We investigated the battery performance in SCE with different CO2 partial pressure. As is well known, no matter how strict the tailpipe standards [for example, Euro V/VI regulations (26)], all car exhaust must contain a humid mixture of N2 and CO2 (27, 28), which is transformed from initial petrol combustion products by built-in exhaust decontamination equipment. We design a device to fill our coin-type battery vessels with humid (humidity of 100%) or dry SCE (mixture of CO2 and N2; fig. S25), in which the batteries could operate normally even at CO2 partial pressures as low as 0.05 atm (Fig. 4D). The hydrophobic breathable film (PVDF film) provides the battery operation (fig. S26) with relative dry conditions and suppresses side reactions relating to H2O. The batteries in SCE (for example, 50% CO2 and 50% N2) could also run at 50°C for 50 cycles at 200 mA g−1 with overpotentials of 0.79 to 0.81 V (fig. S27). The stable discharge and charge profiles indicate the reliability of the battery system in SCE.
Because batteries with high capacity (mA·hour) and high energy density (Wh kg−1) are highly desirable for practical applications such as electric cars and electrical grid storage, we expanded the battery scale from CR2032 coin-type batteries (2 cm in diameter) to large batteries (20 × 20 cm). One large piece of semitransparent CPE film was integrated with an rGO-Na/Cu foil anode and a carbon cathode in a plastic bag, finally producing a pouch-type battery (Fig. 4E and fig. S28). With controlled voltage of 1.9 to 3.9 V, initial capacity of 1100 mA·hour at 10 mA is reached, corresponding to 232 Wh kg−1 on the basis of the total mass of the pouch-type battery (10.0 g) (fig. S29A). This energy density is higher than that of commercial Li-ion batteries (150 to 180 Wh kg−1) (29), suggesting the possibility of large-scale application of quasi–solid state rechargeable Na-CO2 batteries. At the depth of both 20 and 50% discharge/charge, the capacity retention of quasi–solid state rechargeable Na-CO2 batteries is 100%, without obvious voltage fading (Fig. 4F and fig. S29B).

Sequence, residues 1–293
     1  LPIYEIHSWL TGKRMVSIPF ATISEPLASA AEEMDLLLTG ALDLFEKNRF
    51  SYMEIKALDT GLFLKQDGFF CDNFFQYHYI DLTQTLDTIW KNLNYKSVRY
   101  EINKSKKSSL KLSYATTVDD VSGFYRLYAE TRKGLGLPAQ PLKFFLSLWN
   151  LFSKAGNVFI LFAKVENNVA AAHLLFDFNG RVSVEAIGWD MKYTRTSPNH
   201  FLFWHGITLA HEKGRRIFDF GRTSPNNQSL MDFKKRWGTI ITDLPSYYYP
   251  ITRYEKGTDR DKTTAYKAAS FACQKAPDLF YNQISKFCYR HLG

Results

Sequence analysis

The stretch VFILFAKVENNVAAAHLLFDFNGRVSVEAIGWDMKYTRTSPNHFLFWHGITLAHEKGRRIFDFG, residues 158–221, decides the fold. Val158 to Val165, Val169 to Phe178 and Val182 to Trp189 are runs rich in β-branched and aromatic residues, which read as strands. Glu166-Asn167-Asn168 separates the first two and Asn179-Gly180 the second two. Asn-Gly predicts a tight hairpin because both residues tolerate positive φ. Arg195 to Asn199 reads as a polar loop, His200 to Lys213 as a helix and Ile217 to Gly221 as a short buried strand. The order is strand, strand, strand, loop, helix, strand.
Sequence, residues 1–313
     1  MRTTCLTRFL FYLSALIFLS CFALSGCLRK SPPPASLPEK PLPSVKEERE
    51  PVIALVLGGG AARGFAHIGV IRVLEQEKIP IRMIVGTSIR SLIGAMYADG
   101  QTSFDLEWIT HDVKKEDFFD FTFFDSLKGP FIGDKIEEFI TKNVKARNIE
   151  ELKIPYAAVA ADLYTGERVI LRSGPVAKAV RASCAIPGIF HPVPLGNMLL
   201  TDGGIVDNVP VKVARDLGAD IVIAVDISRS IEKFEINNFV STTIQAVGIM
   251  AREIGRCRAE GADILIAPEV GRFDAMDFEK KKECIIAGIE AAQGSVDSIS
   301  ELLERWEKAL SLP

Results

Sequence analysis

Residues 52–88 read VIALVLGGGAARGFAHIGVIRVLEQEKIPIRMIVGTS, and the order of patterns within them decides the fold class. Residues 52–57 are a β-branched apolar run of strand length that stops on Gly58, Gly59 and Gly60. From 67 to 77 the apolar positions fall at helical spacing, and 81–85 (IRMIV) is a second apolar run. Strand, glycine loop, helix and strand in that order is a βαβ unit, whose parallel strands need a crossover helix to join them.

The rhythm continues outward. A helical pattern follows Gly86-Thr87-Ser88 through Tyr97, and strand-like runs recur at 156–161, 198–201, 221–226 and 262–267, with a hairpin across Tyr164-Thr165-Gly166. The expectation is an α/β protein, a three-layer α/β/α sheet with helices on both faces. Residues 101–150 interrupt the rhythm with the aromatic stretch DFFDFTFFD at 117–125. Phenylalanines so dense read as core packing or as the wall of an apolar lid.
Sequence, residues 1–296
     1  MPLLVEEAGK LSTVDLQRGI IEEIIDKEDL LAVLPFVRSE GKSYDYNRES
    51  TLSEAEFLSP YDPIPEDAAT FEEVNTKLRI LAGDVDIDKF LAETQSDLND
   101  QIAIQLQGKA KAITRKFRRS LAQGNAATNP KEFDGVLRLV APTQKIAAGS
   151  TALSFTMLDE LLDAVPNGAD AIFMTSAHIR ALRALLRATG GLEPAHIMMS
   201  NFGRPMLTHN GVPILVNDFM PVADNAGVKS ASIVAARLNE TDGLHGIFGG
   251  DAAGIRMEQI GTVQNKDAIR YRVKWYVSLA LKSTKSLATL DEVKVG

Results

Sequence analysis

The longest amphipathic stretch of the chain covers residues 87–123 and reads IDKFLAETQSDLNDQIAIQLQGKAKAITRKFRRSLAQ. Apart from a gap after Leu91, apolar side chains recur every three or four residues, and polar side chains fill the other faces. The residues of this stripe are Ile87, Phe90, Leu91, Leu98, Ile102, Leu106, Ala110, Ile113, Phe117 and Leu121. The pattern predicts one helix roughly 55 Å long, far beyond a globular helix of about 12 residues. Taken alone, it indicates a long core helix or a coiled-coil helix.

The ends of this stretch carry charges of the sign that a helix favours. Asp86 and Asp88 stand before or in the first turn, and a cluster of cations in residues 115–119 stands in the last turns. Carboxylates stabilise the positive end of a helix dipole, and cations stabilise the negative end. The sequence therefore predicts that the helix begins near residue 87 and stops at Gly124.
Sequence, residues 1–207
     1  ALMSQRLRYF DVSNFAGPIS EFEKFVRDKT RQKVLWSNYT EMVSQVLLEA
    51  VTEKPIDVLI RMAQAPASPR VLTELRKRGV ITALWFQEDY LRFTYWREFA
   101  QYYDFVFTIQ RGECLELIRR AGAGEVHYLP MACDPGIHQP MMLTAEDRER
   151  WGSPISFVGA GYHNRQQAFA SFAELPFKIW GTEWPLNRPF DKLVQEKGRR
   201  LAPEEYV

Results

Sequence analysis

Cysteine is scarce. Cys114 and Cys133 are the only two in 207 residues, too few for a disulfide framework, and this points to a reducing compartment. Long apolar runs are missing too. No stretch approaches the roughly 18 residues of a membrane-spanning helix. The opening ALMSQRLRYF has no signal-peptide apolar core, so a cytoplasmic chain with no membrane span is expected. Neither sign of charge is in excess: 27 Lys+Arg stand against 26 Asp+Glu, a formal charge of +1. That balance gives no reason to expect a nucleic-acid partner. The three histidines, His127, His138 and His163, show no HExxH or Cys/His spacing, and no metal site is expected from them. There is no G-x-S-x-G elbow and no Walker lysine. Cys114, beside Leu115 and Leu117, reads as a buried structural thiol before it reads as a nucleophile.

The investigations described here give us an overall picture of quasi–solid state Na-CO2 batteries with the rGO-Na anode, optimized CPE, and a-MCNT cathodes. During discharge, the CO2 absorbs on the a-MCNT cathode surface and reacts with Na+ to generate products of Na2CO3 and carbon at the electrode/electrolyte interface. During charge, the products reversibly decompose and release CO2 gas and Na+. The rGO-Na anode promotes dendrite-free plating/stripping (5.7 to 16.5 mA cm−2) and saves Na metal resources. The CPE suppresses electrolyte volatilization and provides high Na+ conductivity (1.0 mS cm−1 at 25°C) for stable operation of batteries. The a-MCNT cathodes offer the adsorption of CO2 on activated carbon surface and the formation of products. Therefore, all components (anode, electrolyte, and cathode) have irreplacable roles and are vitally important to obtain the long life and stability of quasi–solid state Na-CO2 batteries. Moreover, the uninflammable PVDF-HFP–4% SiO2 as matrix in CPE, abundant Na metal–based anode, and clean utilization of CO2 for energy conversion further improve the practical value of quasi–solid state Na-O2 batteries for future stationary and mobile storage technologies. On the basis of this rGO-Na/CPE/CO2 system, the assembled coin-type batteries can operate at various CO2 partial pressures and, in particular, can run for 400 cycles in pure CO2. The pouch-type battery also exhibits a large capacity of 1.1 A·hour with an energy density of 232 Wh kg−1 and a stable cycling life (50 cycles). This demonstrates the feasibility of safe and stable Na-CO2 batteries, which should accelerate the process of practical application with abundant Na resource and CO2 fuels.